Friday, 15 May 2015

Let's Talk About Sex, Baby! (Part 2)

(Image courtesy of smarnad
at FreeDigitalPhotos.net)
It’s almost two months since I wrote my first post on the, ahem, touchy subject of sex in Christian novels. If you haven’t read it or would like to refresh your memory, you can find it here. Thank you to everyone who commented on my question: When is realistic too much? Your thoughts were both insightful and intriguing.

Every fortnight, a group of us from a local church get together at Zarraffas (a Queensland coffee chain). These ‘Ladies of Reedy Creek’, as I’ve dubbed them, range in age from 30 to 70+, and are very accommodating when I ask them questions concerning writing. All I have to do is bring out my pen and little black notebook and they’re like meerkats on alert.

This week, I asked them what they thought about sex issues being addressed in Christian novels. (Picture a group of extremely alert meerkats). Not only were their responses unanimous (except for one who left to attend a doctor’s appointment – or so she said) but they were strongly felt.

 Here’s a summary of what they said:

There is a definite demand for stories which are G-rated, however, they would like to see Christian books which address the more gritty issues too. For example:
 • Characters with a past which is described realistically, just not graphically.
 • The struggle men (and not just teenage ones) have in their thought life
 • The pressure to remain pure without making purity an idol
 • Guilt issues surrounding premarital sex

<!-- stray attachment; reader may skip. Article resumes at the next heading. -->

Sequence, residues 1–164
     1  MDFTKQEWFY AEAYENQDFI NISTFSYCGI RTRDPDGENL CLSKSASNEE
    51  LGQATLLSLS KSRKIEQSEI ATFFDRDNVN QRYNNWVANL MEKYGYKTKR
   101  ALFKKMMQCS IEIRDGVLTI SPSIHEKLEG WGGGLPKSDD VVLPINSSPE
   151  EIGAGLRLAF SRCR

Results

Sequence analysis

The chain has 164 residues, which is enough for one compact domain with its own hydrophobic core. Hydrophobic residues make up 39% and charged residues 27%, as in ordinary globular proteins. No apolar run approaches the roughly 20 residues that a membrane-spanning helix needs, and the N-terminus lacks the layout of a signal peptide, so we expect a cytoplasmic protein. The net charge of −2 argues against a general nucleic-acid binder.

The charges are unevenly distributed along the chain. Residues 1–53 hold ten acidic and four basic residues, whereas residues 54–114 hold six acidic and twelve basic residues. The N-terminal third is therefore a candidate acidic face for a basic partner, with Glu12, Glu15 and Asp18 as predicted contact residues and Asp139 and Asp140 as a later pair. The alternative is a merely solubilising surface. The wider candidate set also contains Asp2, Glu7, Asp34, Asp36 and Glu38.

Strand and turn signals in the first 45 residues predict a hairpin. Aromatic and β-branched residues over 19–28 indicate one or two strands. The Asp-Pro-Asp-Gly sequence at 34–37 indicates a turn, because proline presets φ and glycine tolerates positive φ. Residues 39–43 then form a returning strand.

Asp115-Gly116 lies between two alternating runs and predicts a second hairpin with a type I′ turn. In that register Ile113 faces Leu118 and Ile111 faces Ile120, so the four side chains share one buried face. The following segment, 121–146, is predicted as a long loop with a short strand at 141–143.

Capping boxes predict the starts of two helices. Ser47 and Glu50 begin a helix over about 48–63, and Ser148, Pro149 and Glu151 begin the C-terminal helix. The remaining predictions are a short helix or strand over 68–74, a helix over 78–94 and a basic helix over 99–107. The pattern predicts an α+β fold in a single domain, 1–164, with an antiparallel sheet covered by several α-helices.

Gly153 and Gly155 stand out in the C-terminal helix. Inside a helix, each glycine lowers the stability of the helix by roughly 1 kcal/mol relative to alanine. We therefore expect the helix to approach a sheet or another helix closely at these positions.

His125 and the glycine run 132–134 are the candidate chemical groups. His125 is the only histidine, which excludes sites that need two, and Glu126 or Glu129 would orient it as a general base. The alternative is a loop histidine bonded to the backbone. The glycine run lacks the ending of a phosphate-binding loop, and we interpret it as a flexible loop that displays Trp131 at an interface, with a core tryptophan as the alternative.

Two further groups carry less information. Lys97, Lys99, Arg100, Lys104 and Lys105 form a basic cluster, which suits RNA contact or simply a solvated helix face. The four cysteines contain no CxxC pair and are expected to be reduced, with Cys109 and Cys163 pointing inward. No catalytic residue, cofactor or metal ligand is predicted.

• They would prefer sex to stop at the bedroom door but agree there is a need for stories which address intimacy problems, particularly for those who
 o are entering marriage for the second time
 o have blended families
 o have suffered sexual, physical, or emotional abuse

(Image courtesy of markuso
at FreeDigitalPhotos.net)
Talking of bedroom doors, as I mentioned in the previous post, Francine Rivers left the door wide open in her latest novel, Bridge to Haven. Personally, I thought the wedding night was written very tastefully. It wasn’t graphic and didn’t include body parts, although the word ‘naked’ was used. There was the usual nervousness, but also fear because of what had gone before in the life of the main character, Abra. I thought the scene necessary in order to show the redemptive healing process. Nevertheless, Francine copped a lot of criticism along with the five-star reviews.

As we all know, everyone has a differing opinion of what’s okay and what isn’t, so how do we write about these sexual issues in our novels?

Diana Gabaldon, best-selling author of the Outlander series, says this: ‘Sex scenes are not about sex. A good sex scene is about the exchange of emotions.’

Now, before you shut down your computer in horror, I’m not suggesting we should write sex scenes! (Goodness, I find kissing scenes difficult to write, let alone anything more, lol). But maybe, just maybe, there’s a clue to our dilemma in that quote.

Exchange of emotions